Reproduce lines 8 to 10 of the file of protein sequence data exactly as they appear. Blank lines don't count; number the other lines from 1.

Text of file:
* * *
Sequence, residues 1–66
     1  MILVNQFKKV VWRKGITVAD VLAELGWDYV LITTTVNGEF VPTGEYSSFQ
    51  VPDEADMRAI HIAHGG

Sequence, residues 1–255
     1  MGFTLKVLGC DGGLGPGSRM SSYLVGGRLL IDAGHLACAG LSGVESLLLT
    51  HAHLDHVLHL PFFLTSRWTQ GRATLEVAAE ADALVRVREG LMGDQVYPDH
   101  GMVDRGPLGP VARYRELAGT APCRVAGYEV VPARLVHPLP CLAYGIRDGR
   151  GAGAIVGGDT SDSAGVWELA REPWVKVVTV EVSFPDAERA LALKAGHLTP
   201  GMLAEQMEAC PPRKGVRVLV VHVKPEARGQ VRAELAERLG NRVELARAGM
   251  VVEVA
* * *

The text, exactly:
   151  GAGAIVGGDT SDSAGVWELA REPWVKVVTV EVSFPDAERA LALKAGHLTP
   201  GMLAEQMEAC PPRKGVRVLV VHVKPEARGQ VRAELAERLG NRVELARAGM
   251  VVEVA